Success may breed success, but it takes effort.
As success in shale plays has grown, so has the pressure to keep the production flowing.
Microseismic is one of the tools that have grown in popularity as it has helped producers answer one of the biggest questions they face: Where to drill next?
It continues to evolve and remain an important component in ensuring future success, according to its proponents.
AAPG member Peter Duncan, founder and CEO of Houston-based MicroSeismic, will discuss the achievements and promise of the technology during a panel discussion on Emerging Offshore Geosciences Technologies at the upcoming Offshore Technology Conference in Houston.
“Microseismic monitoring is to fracing as logging is to drilling,” Duncan said in a recent interview with the EXPLORER.
Microseismic helps show which parts of a reservoir are draining, thus pointing to the best areas to put future wells, Duncan said.
“Without it you are really making some pretty large assumptions about what happened when you treated the well,” Duncan said. “What operators want to know most is what volume of the reservoir is a well going to effectively drain over its life and, hence, where should they drill its nearest neighbor.
“Optimal well spacing,” he said, “is what operators need to know.”
According to Duncan, two factors have contributed to the increased use of microseismic in the last decade.
“The first is that operators have become increasingly aware of the complexity of the shale plays and, consequently, the need to monitor a larger proportion of their fracs to get a more complete picture of how the rocks are responding to stimulation,” he said.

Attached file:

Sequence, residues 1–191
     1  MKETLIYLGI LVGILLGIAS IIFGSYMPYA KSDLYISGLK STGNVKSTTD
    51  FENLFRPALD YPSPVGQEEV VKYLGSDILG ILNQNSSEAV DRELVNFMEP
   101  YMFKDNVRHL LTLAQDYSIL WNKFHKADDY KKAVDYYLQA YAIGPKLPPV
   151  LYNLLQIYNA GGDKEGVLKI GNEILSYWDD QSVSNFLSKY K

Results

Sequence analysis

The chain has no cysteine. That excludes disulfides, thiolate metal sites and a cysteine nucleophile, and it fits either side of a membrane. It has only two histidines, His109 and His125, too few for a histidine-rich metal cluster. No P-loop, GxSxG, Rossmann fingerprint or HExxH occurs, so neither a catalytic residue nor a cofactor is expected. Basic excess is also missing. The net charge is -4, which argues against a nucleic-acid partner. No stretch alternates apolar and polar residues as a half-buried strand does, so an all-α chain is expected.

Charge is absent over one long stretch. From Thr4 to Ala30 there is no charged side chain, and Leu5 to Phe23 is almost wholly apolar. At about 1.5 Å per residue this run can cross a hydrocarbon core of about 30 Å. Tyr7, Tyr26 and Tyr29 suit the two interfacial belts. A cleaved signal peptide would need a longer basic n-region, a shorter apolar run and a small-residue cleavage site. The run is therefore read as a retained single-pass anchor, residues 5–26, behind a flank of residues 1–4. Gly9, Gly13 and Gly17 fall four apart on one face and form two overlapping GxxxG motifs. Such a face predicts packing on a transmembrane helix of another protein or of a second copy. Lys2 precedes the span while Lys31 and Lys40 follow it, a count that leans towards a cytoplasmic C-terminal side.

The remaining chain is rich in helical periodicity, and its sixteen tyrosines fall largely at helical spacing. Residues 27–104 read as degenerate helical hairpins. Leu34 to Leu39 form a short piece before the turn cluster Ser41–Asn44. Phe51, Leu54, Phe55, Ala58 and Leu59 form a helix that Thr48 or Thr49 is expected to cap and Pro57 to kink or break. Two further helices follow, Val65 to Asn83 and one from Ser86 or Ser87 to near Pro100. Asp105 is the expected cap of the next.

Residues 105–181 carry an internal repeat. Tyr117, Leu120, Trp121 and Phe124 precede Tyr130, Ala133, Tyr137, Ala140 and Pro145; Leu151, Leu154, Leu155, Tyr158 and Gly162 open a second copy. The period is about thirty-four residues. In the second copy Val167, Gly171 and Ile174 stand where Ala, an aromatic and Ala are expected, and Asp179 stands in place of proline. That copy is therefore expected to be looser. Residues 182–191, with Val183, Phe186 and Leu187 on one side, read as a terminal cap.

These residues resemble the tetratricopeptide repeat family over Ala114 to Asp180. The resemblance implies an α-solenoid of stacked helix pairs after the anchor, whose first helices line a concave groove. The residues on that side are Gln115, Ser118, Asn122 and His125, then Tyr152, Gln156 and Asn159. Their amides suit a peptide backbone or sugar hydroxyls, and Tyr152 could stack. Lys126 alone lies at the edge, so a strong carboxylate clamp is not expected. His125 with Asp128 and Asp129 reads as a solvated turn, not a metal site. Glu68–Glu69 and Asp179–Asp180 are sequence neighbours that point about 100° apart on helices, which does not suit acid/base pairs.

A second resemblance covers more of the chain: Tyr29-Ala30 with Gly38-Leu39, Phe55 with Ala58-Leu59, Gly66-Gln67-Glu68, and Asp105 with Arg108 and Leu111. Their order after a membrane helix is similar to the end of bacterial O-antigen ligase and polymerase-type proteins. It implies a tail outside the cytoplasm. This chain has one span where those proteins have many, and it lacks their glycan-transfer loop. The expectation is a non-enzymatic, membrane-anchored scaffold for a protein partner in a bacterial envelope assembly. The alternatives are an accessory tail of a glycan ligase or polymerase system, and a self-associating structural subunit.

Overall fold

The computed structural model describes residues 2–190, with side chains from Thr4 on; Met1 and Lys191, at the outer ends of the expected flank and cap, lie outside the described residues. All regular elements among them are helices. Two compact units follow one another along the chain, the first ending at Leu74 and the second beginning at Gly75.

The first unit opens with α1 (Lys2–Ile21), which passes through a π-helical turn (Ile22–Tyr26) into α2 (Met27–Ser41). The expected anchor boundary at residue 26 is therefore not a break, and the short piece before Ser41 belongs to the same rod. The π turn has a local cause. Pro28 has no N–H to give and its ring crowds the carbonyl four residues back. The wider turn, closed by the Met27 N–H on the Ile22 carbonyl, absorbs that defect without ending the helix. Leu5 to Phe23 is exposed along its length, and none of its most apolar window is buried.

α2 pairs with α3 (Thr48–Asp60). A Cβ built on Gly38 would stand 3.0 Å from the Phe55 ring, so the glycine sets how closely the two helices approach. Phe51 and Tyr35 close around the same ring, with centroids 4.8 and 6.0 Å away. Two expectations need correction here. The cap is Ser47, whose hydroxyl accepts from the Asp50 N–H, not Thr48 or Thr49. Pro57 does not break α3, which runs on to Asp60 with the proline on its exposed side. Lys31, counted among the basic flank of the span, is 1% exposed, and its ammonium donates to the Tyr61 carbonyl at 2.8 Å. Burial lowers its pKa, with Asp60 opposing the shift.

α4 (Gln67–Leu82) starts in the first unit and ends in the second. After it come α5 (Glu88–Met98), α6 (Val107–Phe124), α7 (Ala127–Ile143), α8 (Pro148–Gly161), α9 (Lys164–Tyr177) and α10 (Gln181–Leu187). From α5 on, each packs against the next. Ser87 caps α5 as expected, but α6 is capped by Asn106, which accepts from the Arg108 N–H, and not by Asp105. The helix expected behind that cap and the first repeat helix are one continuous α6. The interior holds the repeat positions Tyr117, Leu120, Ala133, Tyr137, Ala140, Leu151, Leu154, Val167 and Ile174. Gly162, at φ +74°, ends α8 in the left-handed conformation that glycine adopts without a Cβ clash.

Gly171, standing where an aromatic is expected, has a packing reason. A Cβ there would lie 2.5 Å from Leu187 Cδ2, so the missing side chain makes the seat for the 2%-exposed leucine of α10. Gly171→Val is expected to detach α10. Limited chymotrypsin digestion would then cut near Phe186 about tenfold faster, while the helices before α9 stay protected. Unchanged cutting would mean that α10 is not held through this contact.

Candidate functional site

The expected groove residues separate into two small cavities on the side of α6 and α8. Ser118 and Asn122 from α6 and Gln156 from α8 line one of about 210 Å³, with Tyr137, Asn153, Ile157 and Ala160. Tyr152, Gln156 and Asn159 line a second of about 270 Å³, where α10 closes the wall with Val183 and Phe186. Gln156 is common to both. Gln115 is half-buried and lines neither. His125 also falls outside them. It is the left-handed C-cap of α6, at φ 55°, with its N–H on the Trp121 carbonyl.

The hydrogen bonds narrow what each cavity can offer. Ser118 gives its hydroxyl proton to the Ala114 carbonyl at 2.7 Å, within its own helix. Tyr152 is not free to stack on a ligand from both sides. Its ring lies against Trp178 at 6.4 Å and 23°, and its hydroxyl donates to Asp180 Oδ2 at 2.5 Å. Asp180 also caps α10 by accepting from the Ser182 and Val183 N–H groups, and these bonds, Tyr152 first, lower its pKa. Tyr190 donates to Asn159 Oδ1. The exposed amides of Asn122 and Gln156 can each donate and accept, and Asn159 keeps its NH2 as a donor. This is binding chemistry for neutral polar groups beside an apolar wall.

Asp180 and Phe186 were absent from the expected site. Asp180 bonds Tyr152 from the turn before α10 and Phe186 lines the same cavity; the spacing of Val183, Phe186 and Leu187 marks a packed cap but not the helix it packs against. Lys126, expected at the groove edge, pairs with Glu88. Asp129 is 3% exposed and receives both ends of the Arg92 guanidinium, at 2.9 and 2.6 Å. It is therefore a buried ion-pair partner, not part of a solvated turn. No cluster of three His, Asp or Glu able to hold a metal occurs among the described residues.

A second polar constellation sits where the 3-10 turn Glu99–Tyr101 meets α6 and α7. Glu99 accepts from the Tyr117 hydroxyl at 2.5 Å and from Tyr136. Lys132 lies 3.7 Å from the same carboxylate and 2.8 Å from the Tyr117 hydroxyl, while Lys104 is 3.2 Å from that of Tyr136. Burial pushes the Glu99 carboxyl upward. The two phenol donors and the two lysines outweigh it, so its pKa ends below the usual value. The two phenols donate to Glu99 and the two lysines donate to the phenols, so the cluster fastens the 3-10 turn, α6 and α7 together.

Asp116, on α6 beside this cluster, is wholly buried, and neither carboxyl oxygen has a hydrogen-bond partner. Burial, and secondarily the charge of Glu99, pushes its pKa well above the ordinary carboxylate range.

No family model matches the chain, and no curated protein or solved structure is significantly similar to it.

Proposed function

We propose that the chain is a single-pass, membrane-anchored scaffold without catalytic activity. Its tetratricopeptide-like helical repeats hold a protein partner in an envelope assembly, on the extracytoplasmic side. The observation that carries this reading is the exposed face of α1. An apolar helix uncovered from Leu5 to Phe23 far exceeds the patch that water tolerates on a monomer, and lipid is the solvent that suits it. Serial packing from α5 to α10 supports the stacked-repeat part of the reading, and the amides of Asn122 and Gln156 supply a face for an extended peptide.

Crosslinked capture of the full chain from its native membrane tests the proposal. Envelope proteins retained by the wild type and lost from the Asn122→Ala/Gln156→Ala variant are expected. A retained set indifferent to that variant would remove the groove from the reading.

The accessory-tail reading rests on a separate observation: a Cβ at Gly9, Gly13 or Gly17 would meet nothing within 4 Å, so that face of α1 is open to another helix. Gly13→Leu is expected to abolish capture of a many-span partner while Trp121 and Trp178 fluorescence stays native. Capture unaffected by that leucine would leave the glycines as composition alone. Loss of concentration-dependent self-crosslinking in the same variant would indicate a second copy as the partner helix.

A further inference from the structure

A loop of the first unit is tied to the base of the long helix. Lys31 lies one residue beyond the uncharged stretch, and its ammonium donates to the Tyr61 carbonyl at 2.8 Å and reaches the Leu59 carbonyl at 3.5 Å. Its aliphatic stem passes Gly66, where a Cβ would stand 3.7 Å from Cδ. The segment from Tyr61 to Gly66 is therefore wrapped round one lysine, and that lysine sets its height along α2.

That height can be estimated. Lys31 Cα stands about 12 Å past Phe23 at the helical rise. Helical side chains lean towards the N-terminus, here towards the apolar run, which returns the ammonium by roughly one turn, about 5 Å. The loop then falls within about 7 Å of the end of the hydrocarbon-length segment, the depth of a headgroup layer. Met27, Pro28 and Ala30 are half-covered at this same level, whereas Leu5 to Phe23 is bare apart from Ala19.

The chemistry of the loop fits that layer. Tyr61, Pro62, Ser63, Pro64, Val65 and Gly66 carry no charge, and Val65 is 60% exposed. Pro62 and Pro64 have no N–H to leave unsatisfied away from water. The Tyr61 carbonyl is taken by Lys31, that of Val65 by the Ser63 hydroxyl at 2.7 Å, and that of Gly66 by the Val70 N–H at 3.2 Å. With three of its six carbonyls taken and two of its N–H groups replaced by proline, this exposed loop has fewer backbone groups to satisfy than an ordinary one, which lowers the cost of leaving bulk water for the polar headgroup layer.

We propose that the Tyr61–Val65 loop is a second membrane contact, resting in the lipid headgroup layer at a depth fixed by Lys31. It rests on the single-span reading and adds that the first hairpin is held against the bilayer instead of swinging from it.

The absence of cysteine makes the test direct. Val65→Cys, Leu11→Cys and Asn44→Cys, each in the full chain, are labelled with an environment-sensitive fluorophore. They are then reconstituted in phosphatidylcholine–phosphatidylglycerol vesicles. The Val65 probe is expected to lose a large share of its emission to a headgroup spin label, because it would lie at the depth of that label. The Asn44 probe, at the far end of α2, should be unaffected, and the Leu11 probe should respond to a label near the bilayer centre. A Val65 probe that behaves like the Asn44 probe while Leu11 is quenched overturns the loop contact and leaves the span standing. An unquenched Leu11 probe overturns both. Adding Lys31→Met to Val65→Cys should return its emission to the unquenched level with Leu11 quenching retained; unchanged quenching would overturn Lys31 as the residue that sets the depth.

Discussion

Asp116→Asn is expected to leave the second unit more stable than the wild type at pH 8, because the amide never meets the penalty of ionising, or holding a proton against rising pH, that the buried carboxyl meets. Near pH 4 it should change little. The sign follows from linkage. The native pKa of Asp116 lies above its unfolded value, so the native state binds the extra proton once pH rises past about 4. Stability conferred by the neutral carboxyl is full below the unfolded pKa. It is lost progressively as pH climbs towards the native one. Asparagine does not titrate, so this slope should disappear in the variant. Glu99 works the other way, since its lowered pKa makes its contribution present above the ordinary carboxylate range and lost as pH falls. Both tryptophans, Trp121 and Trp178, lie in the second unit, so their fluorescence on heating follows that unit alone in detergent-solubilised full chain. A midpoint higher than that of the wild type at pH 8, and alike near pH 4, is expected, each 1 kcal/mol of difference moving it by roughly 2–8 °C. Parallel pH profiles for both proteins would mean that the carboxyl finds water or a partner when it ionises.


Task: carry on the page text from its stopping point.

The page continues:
“The second is that over the last 10 years we have learned to pull more valuable information out of the monitoring data.”
“Microseismic monitoring, in common with most geophysical techniques, seems to work better in some plays than in others. The Eagle Ford, Marcellus, Utica and Horn River Basin deliver some of the best monitoring results that we have seen so far,” said Duncan, whose company serves operators of all sizes.
Duncan said the technology, while not really young, continues to develop.
“We have only scratched the surface of what reservoir knowledge can be gleaned from the monitoring datasets,” he said.
“As we learn to integrate the monitoring responses with the other geological, geomechanical and geophysical data available on the reservoir, I believe we will move to monitoring every well in real time,” he said, “rather like logging while drilling – first determining the template upon which the field should be developed and then assessing each well as it is drilled in order to respond to any changes in the reservoir that are encountered,” he said.